Avoiding Algorithmic Pandas and Penguins

Excerpts from my latest article at Practical eCommerce: “SEO: Avoiding Penguins and Pandas.”


Google’s recent penchant for naming major algorithmic updates after animals has the world of search engine optimization sounding more like a zookeeper’s dilemma. But with rumors of an impending Penguin update right around the corner, ecommerce marketers need to know their Penguins from their Pandas, and how to avoid the ire of both.

In both cases, Penguin and Panda are algorithmic updates. Each represents updates to the hundreds of signals that Google uses to analyze and rank web pages for its search results pages. Penguin and Panda are primarily associated with negative impact on organic search traffic. Algorithmic updates are different than a manual penalty, in which human members of Google’s Web Spam team manually identify violations to Google’s webmaster guidelines and assess penalties on those pages. Because Penguin and Panda act algorithmically, if a site that has been demoted can identify and remove the issue, the site should be able to rebound algorithmically as well.

Most algorithms are being constantly tweaked and updated within Google’s main index. As a result, the impact of these continual updates isn’t felt strongly or suddenly as the algorithms evolve. Interestingly, Penguin and Panda are processed outside of the main index. Consequently, the updates to the rankings that these two algorithms produce are experienced in sudden bursts of change to rankings and traffic, lending Penguin and Panda their fearsome reputation.

Read the article in full at Practical eCommerce for more detail on Google’s Penguin and Panda algorithm updates. »

PS: For lots of interesting details on how Google instructs its human quality raters, see Search Engine Land’s article from 9/7/12: “Google Search Quality Raters Instructions Gain New “Page Quality” Guidelines.” I guess this topic is on a lot of minds lately.

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Originally posted on Web PieRat.

4 Simple Visuals to Explain SEO

Excerpts from my latest article at Practical eCommerce: “4 Simple Visuals to Explain SEO.”

When talking to marketers, it can be nearly impossible to get them to look beyond the brand imagery and user experience they’ve crafted for their customers online. And while they’re locked into that perception of their site it’s very difficult to explain why search engines don’t perceive their site exactly as they do. These three simple visuals can help shatter those perceptual walls and open the door to more productive SEO discussions.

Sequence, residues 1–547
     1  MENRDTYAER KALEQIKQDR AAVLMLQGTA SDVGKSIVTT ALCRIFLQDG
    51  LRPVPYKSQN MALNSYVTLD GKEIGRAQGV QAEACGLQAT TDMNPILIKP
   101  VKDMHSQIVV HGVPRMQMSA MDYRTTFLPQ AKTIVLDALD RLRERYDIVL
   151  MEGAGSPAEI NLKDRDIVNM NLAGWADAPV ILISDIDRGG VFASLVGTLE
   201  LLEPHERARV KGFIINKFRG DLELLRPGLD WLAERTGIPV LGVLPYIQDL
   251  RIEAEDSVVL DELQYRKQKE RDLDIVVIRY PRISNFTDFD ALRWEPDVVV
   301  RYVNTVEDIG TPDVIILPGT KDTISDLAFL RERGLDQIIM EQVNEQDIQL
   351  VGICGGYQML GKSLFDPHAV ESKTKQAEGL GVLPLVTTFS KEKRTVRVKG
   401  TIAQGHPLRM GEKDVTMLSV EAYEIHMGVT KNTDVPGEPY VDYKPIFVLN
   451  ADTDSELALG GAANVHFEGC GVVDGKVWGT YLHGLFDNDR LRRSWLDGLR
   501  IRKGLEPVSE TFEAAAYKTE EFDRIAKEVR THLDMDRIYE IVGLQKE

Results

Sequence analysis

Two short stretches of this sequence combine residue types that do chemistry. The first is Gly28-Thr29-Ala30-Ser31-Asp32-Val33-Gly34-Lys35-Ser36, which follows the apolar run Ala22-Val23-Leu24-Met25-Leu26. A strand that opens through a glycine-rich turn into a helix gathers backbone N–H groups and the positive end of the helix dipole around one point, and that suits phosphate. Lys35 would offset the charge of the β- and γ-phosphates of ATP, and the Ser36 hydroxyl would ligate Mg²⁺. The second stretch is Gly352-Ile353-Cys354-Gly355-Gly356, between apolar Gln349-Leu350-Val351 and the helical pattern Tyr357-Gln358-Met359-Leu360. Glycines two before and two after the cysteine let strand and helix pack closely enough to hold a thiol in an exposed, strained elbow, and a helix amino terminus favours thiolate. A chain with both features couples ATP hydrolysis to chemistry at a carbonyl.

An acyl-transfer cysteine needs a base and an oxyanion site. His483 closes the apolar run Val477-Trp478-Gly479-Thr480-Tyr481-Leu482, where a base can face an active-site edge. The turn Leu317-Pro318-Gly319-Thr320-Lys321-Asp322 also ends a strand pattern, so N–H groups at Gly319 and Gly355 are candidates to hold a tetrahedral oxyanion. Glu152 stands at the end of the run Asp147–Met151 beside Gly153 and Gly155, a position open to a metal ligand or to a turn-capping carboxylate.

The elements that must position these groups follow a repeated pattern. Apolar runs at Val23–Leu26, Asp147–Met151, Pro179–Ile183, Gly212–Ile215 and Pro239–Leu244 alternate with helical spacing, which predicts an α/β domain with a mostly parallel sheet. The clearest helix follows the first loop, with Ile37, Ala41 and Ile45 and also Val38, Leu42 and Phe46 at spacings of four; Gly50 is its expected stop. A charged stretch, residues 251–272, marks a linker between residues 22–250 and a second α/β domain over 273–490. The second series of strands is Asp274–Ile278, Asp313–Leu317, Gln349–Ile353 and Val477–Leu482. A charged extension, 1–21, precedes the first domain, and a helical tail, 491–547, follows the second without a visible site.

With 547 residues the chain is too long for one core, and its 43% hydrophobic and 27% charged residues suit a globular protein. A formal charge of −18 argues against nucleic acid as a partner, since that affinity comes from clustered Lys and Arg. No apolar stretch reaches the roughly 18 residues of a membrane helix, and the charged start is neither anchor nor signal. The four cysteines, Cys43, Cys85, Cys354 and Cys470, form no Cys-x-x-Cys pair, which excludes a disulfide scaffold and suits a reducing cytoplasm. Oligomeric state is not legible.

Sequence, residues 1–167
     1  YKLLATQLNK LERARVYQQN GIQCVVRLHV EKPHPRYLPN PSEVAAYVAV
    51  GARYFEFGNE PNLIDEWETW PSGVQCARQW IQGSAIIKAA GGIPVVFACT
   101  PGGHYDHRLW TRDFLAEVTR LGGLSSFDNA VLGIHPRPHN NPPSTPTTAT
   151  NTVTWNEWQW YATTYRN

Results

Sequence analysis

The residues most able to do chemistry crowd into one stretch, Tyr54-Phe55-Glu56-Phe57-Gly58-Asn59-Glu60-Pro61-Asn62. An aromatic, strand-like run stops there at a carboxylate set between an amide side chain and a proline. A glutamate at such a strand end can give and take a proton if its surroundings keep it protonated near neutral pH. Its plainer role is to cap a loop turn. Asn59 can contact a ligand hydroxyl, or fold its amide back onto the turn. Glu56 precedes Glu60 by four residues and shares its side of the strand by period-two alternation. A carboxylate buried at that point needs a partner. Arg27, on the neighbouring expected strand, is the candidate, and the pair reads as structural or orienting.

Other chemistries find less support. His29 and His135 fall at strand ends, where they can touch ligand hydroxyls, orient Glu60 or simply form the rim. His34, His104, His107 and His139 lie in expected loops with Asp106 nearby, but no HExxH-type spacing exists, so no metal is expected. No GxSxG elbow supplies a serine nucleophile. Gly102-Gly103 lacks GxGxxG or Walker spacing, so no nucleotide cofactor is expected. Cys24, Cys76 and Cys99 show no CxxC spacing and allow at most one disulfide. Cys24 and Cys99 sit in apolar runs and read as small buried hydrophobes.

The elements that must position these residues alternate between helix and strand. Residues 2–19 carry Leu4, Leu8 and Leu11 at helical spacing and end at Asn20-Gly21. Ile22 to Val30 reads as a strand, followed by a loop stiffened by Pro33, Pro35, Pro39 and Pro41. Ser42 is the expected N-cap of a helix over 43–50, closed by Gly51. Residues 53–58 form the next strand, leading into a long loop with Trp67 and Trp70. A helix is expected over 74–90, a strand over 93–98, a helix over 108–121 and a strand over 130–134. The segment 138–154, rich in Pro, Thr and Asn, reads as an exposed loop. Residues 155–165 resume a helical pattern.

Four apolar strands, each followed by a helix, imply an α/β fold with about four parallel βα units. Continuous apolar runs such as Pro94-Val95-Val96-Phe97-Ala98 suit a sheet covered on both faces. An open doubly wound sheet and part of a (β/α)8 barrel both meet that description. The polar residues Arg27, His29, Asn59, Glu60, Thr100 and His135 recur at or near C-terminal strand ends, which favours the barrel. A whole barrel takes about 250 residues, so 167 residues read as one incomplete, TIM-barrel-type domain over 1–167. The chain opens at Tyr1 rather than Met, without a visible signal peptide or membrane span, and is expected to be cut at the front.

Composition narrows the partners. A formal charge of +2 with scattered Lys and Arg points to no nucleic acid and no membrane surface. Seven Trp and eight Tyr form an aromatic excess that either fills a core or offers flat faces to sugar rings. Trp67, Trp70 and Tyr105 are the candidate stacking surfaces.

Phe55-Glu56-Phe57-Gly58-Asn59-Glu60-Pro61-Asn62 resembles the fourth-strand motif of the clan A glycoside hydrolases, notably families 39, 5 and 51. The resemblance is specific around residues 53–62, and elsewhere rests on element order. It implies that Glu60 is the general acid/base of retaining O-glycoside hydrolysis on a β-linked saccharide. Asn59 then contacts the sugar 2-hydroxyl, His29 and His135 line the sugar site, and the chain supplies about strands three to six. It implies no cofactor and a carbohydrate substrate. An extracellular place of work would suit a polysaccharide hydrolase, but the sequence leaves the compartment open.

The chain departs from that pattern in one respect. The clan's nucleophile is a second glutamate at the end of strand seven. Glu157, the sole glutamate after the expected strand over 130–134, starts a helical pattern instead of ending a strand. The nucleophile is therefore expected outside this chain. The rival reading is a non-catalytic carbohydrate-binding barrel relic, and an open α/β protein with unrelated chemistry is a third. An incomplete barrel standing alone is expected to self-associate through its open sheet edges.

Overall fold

Read more about the thinking behind these visuals and how to create them for any site at “4 Simple Visuals to Explain SEO.”

Read the article in full at Practical eCommerce »

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Originally posted on Web PieRat.

Three Steps to Better Search Rankings

My latest on NBC 5 Chicago’s Inc. Well: “How to Get Better Search Rankings

Optimizing a site’s title tags is one of the simplest and most effective actions you can take to improve a site’s search engine optimization. Many content management systems create default title tags based on the site’s name and the page’s name, in that order. Others smear a single title tag on every page across large sections of the site. Depending on how suboptimal the title tags are today, optimizing them could have a real impact on a site’s organic search performance.

  • Step One: Keyword Research
  • Step Two: Review Analytics
  • Step Three: Optimize Title Tags

Read the whole article with details on each step at “How to Get Better Search Rankings.”

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Originally posted on Web PieRat.

Using User Language: UGC and SEO

Excerpts from my latest article at Resource’s weThink blog: “Using UGC to Benefit SEO.”


User-generated content (UGC) and search engine optimization (SEO) are a match made in heaven. SEO is done by marketers and can fall prey to same language issues that caused the site to perform poorly in organic search in the first place. But UGC is created by customers and uses the real-world language that other customers and searchers are likely to use.

“Why, is that our new ‘Zip-front Sweatshirt-Black-With Hood?’” asks the marketer.

“No,” replies the puzzled customer. “It’s a “black hoodie.’”

So while the marketer busily optimizes for the product name, the customer logs on to write a review about the great new “hoodie” he just bought.

That review, a free bit of UGC gold, contributes to the keyword theme of the page and begins to send “hoodie” relevance signals. The more customers write reviews, the stronger the signals become.

Read the article in full at Resource’s weThink blog »

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Originally posted on Web PieRat.